One of the challenges that constructed urban play areas face is how to reintroduce nature and renewal so the space doesn’t get stale. All three zones of St. Hilda’s & St. Hugh’s play deck incorporate plantings; their colors, scents, and textures change with the seasons. The active ball zone incorporates banners—printed with clouds, for example, or an abstraction of trees—that can be changed to transform the character of the enclosure. Exhibits in the climbing zone are also switched out periodically: an airplane fuselage, a teardrop trailer, and a tiny tugboat are examples of real-world objects that have been stripped down and made safe for children.
The success of the play deck and other active-design interventions at St. Hilda’s & St. Hugh’s—such as a daylit stair limned with a quote from the Declaration of Independence, a climbing gym and dance studio in found space reclaimed from building services, and a range of immersive, hands-on learning environments that pre-date but nonetheless exemplify the active-classroom guidelines—is evidenced by data showing that students at the school take an average of over 8,300 steps during school hours alone, with the lower school children averaging over 10,700 steps.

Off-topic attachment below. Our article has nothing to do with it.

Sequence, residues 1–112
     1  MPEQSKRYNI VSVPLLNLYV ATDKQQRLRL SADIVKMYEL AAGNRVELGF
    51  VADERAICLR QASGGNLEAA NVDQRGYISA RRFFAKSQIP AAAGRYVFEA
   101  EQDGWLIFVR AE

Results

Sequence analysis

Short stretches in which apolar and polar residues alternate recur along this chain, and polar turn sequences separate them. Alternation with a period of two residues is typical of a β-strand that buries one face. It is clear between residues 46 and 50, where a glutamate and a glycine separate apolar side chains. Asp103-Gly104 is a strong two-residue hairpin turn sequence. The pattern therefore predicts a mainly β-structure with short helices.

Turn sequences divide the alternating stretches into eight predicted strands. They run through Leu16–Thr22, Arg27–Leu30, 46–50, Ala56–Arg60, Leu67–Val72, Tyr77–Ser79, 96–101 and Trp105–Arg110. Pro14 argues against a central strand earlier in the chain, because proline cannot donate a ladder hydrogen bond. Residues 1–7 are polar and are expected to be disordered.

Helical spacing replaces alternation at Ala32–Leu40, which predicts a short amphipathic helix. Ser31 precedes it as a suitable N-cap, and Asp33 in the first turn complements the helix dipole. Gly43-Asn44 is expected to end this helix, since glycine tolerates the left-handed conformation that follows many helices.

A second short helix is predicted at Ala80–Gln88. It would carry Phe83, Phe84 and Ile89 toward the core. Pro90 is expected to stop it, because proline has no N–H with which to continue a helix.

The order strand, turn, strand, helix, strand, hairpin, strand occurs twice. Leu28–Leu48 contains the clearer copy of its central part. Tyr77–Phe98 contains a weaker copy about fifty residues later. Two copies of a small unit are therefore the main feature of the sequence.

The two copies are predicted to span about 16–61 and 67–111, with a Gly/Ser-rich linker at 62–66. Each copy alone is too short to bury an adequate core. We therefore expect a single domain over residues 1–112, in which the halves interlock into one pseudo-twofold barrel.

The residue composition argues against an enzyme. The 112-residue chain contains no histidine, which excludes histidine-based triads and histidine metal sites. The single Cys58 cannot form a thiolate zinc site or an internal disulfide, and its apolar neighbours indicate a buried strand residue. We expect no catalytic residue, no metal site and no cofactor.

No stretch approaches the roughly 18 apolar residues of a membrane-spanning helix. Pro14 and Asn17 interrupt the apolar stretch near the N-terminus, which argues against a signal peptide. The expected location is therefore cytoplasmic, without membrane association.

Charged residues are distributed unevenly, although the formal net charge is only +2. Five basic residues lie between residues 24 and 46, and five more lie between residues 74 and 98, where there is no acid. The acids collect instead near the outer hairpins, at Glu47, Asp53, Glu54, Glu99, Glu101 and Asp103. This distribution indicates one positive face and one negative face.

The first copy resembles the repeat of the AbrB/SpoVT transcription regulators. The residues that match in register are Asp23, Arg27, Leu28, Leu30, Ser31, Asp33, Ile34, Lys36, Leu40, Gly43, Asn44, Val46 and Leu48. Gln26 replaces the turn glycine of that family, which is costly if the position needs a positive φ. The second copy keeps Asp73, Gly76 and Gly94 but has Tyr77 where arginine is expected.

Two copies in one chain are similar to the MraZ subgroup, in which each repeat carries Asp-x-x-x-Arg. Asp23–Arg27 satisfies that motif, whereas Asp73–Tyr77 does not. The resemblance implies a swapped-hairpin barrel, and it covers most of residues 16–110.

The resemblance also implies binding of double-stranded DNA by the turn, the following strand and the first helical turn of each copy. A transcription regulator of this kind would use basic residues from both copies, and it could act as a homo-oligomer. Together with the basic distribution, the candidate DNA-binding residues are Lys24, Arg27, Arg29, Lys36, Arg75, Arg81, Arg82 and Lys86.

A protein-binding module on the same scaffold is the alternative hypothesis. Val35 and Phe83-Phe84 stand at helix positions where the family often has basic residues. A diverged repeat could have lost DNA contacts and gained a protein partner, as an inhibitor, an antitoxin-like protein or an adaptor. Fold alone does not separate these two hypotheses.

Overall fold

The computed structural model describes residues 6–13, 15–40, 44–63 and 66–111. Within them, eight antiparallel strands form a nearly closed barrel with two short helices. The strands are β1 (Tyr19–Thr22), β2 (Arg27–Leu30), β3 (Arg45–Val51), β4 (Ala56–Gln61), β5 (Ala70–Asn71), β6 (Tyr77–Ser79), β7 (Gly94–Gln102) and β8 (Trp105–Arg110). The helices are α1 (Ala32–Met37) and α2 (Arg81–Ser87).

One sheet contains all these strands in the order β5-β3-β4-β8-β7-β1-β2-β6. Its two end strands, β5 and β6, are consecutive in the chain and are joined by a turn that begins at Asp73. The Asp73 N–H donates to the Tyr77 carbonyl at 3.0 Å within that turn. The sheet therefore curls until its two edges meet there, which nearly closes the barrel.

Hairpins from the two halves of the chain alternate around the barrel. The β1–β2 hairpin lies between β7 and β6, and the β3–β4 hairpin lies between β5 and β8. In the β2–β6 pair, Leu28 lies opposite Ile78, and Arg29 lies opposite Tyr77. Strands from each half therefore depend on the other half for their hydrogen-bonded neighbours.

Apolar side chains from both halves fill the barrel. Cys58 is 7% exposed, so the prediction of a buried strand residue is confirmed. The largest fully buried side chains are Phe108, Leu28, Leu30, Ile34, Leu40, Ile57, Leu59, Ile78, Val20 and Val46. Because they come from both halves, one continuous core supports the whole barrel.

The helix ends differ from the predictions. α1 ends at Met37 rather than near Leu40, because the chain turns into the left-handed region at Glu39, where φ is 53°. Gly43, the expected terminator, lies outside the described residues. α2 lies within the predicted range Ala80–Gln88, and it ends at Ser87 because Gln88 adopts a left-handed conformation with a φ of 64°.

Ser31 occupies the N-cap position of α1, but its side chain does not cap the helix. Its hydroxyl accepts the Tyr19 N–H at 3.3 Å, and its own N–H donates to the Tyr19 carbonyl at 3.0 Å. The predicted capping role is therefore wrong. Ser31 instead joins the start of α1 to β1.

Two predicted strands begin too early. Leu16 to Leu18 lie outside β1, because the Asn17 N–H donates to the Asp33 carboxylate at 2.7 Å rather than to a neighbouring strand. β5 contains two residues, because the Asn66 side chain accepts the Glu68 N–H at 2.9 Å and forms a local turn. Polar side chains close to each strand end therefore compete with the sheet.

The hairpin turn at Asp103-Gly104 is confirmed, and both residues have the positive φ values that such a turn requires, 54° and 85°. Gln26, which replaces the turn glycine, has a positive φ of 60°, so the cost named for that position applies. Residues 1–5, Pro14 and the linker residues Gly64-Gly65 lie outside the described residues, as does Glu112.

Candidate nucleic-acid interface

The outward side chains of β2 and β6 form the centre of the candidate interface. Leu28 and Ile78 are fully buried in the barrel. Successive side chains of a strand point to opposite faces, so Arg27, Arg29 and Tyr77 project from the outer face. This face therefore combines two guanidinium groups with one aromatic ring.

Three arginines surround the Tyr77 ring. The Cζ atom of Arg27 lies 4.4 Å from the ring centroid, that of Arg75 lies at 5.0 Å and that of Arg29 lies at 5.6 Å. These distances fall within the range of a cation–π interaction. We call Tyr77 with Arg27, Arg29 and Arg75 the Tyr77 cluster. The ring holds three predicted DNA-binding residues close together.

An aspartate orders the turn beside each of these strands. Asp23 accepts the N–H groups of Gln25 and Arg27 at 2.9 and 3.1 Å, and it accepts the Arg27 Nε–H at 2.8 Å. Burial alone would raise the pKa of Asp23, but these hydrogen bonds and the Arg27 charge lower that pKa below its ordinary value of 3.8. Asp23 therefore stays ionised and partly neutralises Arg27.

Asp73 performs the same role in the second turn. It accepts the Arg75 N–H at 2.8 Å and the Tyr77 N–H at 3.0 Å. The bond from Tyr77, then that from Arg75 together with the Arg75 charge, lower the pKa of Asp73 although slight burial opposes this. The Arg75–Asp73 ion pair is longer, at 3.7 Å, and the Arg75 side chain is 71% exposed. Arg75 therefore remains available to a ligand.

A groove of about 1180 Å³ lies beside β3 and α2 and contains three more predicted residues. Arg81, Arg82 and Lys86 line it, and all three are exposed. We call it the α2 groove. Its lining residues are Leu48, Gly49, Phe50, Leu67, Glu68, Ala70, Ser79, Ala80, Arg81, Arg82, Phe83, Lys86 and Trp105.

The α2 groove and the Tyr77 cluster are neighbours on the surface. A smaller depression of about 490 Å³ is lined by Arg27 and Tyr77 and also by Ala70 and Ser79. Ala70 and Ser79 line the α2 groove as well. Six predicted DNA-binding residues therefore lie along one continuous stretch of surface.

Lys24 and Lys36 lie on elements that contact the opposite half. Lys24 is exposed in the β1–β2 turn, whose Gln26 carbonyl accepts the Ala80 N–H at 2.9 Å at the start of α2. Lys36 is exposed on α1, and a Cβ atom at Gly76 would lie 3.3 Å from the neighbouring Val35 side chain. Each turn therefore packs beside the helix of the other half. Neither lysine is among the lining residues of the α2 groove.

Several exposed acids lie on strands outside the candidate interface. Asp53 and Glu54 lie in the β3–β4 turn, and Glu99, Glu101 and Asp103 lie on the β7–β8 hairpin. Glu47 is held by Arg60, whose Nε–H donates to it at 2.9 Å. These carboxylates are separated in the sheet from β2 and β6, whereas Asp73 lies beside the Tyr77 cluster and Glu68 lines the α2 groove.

Notwithstanding this success, Grant cautions designers against focusing too narrowly on physical activity, and encourages instead a more holistic approach to student health and well-being. That’s an idea that resonates at Discovery Elementary too: activity was a secondary motivation for many of Discovery’s design features, says VMDO’s Knox. “The primary motivation was the kids’ joy and happiness.” And it’s the same for the activity-promoting features at SAGE: “What we’re seeing,” says Julie Alsobrook, retired director of the program, “is that kids are happier.”
To earn one AIA learning unit (LU), including one hour of health, safety, and welfare (HSW) credit, read the "Continuing Education: Active Design," review the supplemental material listed below, and complete the online test. Upon passing the test, you will receive a certificate of completion, and your credit will be automatically reported to the AIA. Additional information regarding credit-reporting and continuing-education requirements can be found online at continuingeducation.bnpmedia.com.
Abstract, Introduction, Table 1, and the "Physical Activity Design Guidelines for School Architecture” section under Results from--
Physical Activity Design Guidelines for School Architecture, by Brittin J, Sorensen D, Trowbridge M, Lee KK, Breithecker D, Frerichs L, et al. (2015).
1 Discuss the importance of physical activity for developing bodies and brains.
2 Describe the strategies outlined in the Physical Activity Design Guidelines.
3 Explain how the designs of the three featured buildings encourage students to move during the course of the school day.
4 Describe design strategies for encouraging outdoor activity for schools on tight urban sites.
AIA/CES Course #K1801A
For CEU credit, read "Continuing Education: Active Design" and take the quiz at continuingeducation.bnpmedia.com, or use our Architectural Record Continuing Education app, available in the iTunes store.